Things to think about when selling your business to avoid the lava

You know that old maxim ‘the more things change, the more they stay the same’?  Because we largely feature small and medium businesses on the rise in industries that are flourishing here at the magazine the topic of selling your business just doesn’t seem relevant, or requested for that matter, but it does happen and in fact, it can be part of your plan all along and a step toward something bigger and better! But, I caution you, people don’t change from the time they’re children. Remember your developmental psychology now: preschoolers begin to develop autonomy, or self-direction as well as initiative or enterprise. In a big way, the person you are in first grade is the person you are today. And that means hot lava.

Let me explain.

The hot lava game, for those of you who can’t remember or don’t have the constant reminder with your own children, is when a child is playing with a friend in a carpeted setting and all of a sudden one of them proclaims that the carpet has indeed transformed into liquid hot magma. This calls for immediate action and both playmates know innately the rules. You must jump up onto the nearest piece of furniture be it a coffee table or sofa and utilize only throw pillows to lily pad jump out of the danger zone. It should also be noted for the purposes of my analogy today that the most difficult games of “the carpet is lava” are played when a friend has been called home for dinner. They have abandoned what was a good time and the rules of childhood will not let that stand. The throw pillows will be placed at impossible jumping distances. Lava bombs in the form of hacky sacks and whiffle balls will bombard your every futile attempt. And missteps will be enjoyed with a pleasure unequalled in childhood.

The same applies when you sell your business. 

You came! You saw! You conquered! You want to sell! Now it’s hot lava time as far as your buyer is concerned.  You both many want to throw a few pillows, so these are the things to think about when selling your business.

Seek legal and financial expertise.

First and foremost, no matter what the reason behind selling your business, it’s crucial to hire the necessary financial, legal, tax, and business advising professionals to ensure the process goes as smoothly and you avoid as much lava as possible. There will be many details that come up for which you may be unprepared, so having the right pillows and proper resources in place will be essential.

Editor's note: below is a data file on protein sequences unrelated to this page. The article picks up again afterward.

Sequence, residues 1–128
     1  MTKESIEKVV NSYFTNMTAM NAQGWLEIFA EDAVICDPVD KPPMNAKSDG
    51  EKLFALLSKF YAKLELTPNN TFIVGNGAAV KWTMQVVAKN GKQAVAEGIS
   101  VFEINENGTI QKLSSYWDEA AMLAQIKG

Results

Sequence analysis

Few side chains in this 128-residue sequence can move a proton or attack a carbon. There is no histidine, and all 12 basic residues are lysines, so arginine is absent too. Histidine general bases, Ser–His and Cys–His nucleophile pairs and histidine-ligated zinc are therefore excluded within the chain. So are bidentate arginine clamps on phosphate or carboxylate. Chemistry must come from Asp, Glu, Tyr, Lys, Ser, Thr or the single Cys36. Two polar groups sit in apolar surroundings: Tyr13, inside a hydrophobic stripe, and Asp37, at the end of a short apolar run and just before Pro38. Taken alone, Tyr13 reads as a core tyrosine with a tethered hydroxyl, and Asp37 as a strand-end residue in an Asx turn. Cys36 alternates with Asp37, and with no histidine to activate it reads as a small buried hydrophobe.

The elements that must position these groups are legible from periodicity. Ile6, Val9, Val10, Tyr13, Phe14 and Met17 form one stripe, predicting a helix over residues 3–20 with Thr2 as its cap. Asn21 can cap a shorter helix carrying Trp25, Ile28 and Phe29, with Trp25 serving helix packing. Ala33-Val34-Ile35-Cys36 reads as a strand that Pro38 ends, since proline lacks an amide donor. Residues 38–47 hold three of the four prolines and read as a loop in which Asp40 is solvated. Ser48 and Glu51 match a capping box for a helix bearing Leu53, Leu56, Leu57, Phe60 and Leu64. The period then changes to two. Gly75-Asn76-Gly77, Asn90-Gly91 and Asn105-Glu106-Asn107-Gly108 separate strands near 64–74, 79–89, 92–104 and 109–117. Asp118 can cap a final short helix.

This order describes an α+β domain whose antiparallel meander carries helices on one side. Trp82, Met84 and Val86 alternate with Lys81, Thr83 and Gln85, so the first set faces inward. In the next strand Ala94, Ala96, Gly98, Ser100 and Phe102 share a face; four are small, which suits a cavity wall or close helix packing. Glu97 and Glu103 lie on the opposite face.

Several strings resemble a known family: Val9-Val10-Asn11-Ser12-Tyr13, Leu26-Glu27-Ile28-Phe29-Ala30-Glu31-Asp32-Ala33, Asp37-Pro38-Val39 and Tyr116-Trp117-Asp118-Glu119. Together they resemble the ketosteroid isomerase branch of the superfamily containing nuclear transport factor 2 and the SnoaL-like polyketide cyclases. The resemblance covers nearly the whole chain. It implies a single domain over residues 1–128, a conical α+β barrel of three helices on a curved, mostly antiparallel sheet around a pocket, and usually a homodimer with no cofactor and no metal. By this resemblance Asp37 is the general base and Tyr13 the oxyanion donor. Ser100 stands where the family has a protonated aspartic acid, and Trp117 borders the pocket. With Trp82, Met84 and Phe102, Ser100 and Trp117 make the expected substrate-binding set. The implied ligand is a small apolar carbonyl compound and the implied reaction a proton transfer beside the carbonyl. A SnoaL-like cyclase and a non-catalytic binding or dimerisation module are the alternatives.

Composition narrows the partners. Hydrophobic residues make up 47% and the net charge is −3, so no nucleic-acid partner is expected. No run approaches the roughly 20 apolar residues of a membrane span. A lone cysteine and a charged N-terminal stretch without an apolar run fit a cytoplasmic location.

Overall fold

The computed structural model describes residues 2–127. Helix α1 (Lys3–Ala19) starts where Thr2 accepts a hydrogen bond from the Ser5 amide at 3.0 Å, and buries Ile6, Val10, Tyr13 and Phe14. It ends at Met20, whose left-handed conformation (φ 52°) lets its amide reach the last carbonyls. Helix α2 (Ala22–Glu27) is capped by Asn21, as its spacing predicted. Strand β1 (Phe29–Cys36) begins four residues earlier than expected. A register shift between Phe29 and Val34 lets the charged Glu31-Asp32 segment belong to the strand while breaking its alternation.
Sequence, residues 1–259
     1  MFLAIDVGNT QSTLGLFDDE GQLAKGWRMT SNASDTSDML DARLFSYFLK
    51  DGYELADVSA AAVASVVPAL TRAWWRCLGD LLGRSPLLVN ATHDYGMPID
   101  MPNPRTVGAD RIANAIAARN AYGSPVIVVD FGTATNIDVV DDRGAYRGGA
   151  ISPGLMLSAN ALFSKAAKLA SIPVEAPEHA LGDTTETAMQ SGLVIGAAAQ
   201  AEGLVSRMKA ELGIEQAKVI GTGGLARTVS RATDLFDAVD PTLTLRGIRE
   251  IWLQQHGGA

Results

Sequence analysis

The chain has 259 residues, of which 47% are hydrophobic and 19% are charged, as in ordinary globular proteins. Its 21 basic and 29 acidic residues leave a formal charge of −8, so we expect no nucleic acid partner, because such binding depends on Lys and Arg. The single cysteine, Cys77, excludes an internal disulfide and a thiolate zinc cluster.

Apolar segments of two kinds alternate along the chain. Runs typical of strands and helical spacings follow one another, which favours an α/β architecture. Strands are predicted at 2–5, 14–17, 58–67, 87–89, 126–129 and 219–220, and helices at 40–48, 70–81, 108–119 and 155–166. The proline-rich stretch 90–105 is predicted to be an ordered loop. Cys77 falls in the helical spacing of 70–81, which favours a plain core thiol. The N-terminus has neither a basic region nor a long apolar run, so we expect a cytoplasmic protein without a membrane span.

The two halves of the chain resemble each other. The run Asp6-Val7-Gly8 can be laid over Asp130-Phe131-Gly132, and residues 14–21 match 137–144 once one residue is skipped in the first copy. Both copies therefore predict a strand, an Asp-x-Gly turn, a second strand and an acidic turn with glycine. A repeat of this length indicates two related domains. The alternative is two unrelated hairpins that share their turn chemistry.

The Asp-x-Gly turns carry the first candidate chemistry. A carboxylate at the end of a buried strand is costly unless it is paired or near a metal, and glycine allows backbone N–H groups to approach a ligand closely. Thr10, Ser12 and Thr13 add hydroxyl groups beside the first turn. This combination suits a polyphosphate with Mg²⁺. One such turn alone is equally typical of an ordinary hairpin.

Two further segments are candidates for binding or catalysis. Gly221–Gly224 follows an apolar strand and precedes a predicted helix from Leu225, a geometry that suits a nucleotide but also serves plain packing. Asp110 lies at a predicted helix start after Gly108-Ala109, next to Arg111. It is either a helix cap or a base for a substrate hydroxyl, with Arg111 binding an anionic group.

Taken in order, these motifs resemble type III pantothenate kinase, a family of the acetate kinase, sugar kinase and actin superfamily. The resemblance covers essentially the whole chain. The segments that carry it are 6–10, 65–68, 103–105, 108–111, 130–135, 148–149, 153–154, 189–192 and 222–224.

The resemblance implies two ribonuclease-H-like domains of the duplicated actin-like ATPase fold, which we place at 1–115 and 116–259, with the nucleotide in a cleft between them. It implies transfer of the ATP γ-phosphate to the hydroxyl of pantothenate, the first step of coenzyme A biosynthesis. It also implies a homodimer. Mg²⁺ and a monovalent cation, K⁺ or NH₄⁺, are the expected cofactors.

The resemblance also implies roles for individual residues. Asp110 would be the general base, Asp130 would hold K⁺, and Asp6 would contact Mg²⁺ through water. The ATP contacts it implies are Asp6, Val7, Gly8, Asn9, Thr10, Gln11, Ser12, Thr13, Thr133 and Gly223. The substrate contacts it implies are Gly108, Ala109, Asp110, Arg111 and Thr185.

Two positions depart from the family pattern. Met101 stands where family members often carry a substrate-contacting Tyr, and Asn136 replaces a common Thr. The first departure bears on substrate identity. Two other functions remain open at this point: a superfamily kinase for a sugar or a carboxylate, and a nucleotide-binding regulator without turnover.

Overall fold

Get the paperwork in order.

The legwork for the sale of a business starts long before you’re ready to put up a for-sale sign. All potential buyers are going to want to see taxes, financials and any existing contracts pertaining to your business. Take the time to get all these pillows organized and you’ll help ensure a smoother process from start to finish. Get all of your financial and tax records in order for the past three years, including a cash flow report.

Separate your personal expenses from the business.

Most business owners, at one time or another, run personal expenses through their business. When you’re ready to sell, it’s imperative that you stop doing this and separate things in order for potential buyers to get a clear and accurate picture of the revenue, expenses and net profits of your business.

Give your business some curb appeal.

This sounds like a no-brainer, but many people overlook the outward appearance of their business when it comes time to sell. Make sure that your location is clean and tidy, and that any necessary repairs have been made.  Also, if equipment required to run your business, make sure it’s all in working order. Make any outdoor improvements to landscaping, signage, etc are done to increase your curb appeal.

Hire a professional business broker to help you with listing your business for sale.

A business broker will help give your business market visibility where you want it and will increase your chances of finding the best fit for you and your business. A broker can also help you set a realistic asking price and help you with marketing your business and contacting potential buyers on your behalf, which leads up to our next point.

Set a realistic asking price.

If your business is doing well, it can be tempting to set a very high asking price. In reality, there are many factors that buyers will look at when considering a purchase. Consider how all of these things will factor in and how you would view the business from all angles if you were the buyer. Consider profits, client relationships and the personal investment of time that will be required for the new owner to make the transition successful and set your asking price accordingly.

Loose lips sink ships and sales, so keep it quiet.

If you’re in a business where a sale may send your customers or clients into panic mode, it’s probably best to keep an impending sale quiet until you have identified a buyer and finalized the details of the sale. That includes determining how you will transition your customers to the new owner. 

Always get your offers in writing, ALWAYS!!!

If and when offers start coming in for your business, it is important to have the details in writing to make accurate and proper comparisons.  As is most cases price alone will not be the only factor that will have to be considered, so it is important to have all the details of each offer to decide which is the best offer for you and the business.

Will following these tips guarantee that you select the right buyer for the business?  No, it will not but by following them you will set yourself up for success and increase your chances of finding the right buyer at a fair price for your business while avoiding the lava.

by Jamie Barrie